Objective: To assess the outcome of treatment of hypomineralized molars and incisors of unknown aetiology (MIH) in 18-year-olds.
Design: A follow-up study including clinical examination, panoramic radiography and intraoral photos.
Sample and method: Seventy-six individuals treated at the Eastman Dental Institute in Stockholm during 1978-2001 with the diagnosis MIH. Severity of enamel defects in molars and incisors, prevalence and distribution of extracted molars, type, quality and median duration of restorations, periradicular condition of affected molars, dental occlusion and space closure in cases of extraction, as well as the individual's satisfaction with the treatment, were assessed.
Results: Severe defects with enamel surface breakdown in all four molars occurred in 42% of the individuals and 29% had at least one incisor with yellow/brown opacity in the enamel. At follow up, 42% of the individuals had at least one molar extracted; 18% had all four molars extracted. The median duration of the molar restorations (n = 153) was 5 years. Of the individuals with restored molars, 48% had at least one unacceptable restoration. Periradicular pathology was observed in three molars. The sagittal relations did not differ between individuals with and without extraction of molars. Space closure was acceptable in 87% of the individuals with extracted molars. Eighty percent were satisfied with the treatment.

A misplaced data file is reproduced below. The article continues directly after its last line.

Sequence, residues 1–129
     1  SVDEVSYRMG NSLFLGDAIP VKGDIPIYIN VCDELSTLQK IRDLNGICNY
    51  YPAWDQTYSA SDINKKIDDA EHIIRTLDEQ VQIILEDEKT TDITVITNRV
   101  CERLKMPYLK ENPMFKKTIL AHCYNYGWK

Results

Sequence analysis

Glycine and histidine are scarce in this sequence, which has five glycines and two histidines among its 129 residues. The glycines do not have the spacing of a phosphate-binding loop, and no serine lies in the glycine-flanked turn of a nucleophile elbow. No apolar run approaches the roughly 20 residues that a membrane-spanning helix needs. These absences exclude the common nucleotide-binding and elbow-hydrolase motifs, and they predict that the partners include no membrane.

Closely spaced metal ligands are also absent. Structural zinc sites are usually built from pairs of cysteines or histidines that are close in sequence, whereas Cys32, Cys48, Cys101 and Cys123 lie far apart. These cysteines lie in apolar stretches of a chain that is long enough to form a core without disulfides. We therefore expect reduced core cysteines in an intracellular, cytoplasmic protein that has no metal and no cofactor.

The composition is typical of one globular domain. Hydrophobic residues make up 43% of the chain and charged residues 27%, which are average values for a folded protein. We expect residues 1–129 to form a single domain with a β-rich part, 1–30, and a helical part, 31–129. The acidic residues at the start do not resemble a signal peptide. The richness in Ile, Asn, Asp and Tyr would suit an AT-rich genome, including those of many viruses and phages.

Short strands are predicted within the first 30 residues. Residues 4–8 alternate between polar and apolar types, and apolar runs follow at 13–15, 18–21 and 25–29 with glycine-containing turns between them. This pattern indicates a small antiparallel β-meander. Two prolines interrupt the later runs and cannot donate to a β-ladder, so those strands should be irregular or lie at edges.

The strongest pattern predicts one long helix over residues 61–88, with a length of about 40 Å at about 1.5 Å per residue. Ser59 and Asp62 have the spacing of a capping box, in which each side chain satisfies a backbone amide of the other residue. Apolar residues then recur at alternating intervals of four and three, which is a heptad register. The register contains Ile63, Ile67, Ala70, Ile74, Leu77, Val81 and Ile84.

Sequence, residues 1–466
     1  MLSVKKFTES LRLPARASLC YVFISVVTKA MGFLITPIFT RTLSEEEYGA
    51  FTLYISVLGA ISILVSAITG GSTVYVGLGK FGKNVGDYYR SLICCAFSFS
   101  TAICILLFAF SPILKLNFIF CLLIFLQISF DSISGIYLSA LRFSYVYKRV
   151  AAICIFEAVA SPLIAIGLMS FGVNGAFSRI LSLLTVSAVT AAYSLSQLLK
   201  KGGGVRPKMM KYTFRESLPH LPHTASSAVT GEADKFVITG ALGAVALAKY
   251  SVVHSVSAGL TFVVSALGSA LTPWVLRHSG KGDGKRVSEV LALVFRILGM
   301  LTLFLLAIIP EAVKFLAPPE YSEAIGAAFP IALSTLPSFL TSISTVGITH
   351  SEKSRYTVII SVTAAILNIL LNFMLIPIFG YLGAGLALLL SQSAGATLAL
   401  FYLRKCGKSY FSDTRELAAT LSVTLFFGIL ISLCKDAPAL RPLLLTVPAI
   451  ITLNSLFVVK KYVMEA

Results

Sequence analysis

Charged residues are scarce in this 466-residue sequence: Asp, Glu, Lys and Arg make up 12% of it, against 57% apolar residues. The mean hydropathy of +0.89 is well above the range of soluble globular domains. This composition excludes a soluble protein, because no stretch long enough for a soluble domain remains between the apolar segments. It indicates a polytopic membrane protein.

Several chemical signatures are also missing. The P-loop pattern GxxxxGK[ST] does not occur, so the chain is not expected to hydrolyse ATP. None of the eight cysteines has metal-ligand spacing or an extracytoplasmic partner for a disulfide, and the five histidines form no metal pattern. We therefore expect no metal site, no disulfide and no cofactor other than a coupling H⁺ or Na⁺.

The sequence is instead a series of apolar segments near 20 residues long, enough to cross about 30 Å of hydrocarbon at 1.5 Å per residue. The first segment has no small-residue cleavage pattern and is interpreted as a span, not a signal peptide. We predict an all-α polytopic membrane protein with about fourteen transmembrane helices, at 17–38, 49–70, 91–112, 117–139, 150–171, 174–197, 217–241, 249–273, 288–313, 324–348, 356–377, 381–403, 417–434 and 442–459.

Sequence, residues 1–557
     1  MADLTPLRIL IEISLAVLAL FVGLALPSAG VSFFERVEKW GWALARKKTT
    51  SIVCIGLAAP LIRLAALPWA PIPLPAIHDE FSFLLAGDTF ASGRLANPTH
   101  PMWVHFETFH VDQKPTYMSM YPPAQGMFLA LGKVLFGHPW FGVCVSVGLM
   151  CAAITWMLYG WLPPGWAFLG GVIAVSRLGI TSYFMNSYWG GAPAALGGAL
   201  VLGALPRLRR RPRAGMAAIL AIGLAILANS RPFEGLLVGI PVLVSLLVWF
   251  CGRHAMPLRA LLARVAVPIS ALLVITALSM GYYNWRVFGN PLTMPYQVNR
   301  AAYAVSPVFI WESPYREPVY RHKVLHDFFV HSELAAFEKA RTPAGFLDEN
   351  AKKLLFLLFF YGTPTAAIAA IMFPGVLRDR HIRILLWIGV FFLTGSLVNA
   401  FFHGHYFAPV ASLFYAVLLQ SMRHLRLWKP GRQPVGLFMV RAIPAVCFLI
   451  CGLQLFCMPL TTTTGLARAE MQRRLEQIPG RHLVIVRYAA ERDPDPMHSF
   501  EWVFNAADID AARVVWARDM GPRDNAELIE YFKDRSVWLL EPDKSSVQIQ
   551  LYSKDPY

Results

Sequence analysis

Conclusions: Extraction of molars with severe enamel defects gave good or acceptable results in a majority of the patients while conservative restorative treatment resulted in a need for additional treatment in approximately half of the patients.